Tag Archives: baking

Peyton & Byrne “British Brownies”

From Peyton & Byrne: British Baking by Oliver Peyton (Square Peg, 2011)

Although most of my jubilee weekend was given over to the Stoke Newington Literary Festival (as mentioned in my previous post), I couldn’t resist fitting in a bit of bank holiday baking. I took the easy/occasion appropriate route and opted for some British Brownies. The rationale for including these in the British Baking book is laughably weak – “brownies have long been a favourite in Britain” – but they hit the spot on a grey day off. How could they not – they contain three, yes three, bars of dark chocolate…

Recipe:

300g dark chocolate, chopped

100g unsalted butter

1/2 tsp sea salt

3 eggs

50g light brown sugar

150g caster sugar

1tsp vanilla extract

100g plain flour

100g chopped walnuts (I didn’t have any so substituted with macadamias, but they were somewhat overpowered by the chocolate)

 

 

 

 

 

 

 

Preheat oven to 180 oC. Butter 20cm square baking tin, line with baking paper.

Place chocolate and butter in heatproof bowl, add salt and melt over pan of barely simmering water.

In another bowl, break up eggs, add sugars and vanilla until incorporated.

Whisk egg mixture into melted chocolate, then gently fold in flour and walnuts until just mixed.

Pour into baking tin.

Bake for 25 mins or until set. Leave to cool completely in tin before cutting into squares (I totally ate one before it had completely cooled).

 

 

 

 

 

 

 

Verdict: Quick, easy, delicious and kept well. Will bake again.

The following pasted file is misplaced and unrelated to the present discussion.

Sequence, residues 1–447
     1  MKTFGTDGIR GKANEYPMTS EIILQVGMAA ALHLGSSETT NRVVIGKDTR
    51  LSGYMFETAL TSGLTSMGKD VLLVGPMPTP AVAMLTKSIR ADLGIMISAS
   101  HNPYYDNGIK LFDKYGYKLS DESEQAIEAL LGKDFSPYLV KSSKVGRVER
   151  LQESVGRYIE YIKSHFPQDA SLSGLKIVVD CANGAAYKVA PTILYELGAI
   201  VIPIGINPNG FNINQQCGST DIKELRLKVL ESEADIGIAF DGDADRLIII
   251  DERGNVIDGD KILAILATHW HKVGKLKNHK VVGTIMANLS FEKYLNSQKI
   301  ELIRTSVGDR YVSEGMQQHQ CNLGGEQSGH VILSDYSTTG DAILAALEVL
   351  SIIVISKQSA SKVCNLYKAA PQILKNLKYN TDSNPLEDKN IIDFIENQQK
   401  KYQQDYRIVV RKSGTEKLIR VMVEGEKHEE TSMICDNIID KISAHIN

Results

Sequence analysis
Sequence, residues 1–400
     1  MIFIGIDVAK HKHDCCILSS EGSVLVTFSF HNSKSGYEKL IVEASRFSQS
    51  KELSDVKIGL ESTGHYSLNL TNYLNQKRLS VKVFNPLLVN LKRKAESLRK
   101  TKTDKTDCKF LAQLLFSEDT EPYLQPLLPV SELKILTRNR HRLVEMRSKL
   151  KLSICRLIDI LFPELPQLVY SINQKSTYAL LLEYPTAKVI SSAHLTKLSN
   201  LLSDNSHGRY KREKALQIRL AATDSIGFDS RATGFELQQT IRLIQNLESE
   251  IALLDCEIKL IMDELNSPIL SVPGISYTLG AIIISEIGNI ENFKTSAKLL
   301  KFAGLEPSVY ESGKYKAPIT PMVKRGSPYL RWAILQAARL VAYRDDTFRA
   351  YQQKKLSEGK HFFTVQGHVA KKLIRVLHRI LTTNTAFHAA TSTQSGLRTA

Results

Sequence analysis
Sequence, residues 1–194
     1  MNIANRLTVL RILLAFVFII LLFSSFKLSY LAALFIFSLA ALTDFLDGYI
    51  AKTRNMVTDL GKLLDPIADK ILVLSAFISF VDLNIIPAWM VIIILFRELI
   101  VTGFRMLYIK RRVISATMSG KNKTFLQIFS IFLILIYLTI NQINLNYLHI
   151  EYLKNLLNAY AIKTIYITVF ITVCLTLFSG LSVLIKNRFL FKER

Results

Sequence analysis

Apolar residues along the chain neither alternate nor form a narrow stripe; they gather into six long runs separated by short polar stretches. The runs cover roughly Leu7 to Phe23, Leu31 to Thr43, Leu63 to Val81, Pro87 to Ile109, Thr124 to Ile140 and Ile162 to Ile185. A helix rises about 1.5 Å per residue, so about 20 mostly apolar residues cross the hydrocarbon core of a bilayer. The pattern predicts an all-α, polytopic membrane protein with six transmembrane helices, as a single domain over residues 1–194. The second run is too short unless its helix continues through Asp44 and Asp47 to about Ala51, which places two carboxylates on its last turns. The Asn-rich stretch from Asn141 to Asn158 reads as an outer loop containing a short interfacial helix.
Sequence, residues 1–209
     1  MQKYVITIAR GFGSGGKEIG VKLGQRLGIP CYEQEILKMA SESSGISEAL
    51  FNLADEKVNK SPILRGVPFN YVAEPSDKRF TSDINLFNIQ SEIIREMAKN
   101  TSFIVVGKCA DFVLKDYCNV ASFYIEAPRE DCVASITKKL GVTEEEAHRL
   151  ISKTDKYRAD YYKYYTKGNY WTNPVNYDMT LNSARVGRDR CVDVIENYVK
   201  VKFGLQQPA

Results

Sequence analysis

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Dorie Greenspan “Chocolate and Orange Marbled Loaf Cake”

From Baking: From My Home to Yours by Dorie Greenspan (Houghton Mifflin, 2006)

 

 

 

 

 

 

 

Recipe:

250g plain flour

1 1/4 tsp baking powder

1/2 tsp salt

170g unsalted butter

225g caster sugar

4 large eggs

1/2 tsp vanilla extract

120ml whole milk

113g dark chocolate, melted and cooled

Grated zest of 1 orange

1/4 tsp orange extract

Preheat oven to 165 oC. Butter a loaf tin and dust with flour.

Whisk together the flour, baking powder and salt.

Beat the butter with a stand mixer/electric hand mixer until smooth. Add the sugar and beat for another 2-3 minutes. Add the eggs one at a time, beating well after each addition. Beat in the vanilla. Reduce mixer speed to low and alternately add flour mixture in 3 additions and the milk in 2, mixing only until each addition is incorporated.

Divide the batter in half and stir the melted chocolate into one half and the grated orange zest and orange extract into the other.

Spoon the batter into the tin in long alternating rows, in several alternating layers. Use a table knife and zigzag through the batter in 6-8 zigs and zags.

Bake for 1hour 20 – 1hour 30, or until a skewer inserted into the centre comes out clean. Transfer to a cooling rack and allow to rest for 15 minutes before turning out. Cool to room temperature on the rack.

 

 

 

 

 

 

 

Verdict: After my over-swirled Peyton & Bryne loaf cake, I needed to try again! The Greenspan marbling technique is definitely a marked improvement and gave a much more defined contrast between the two batters, although it’s still a bit more patchwork than swirled.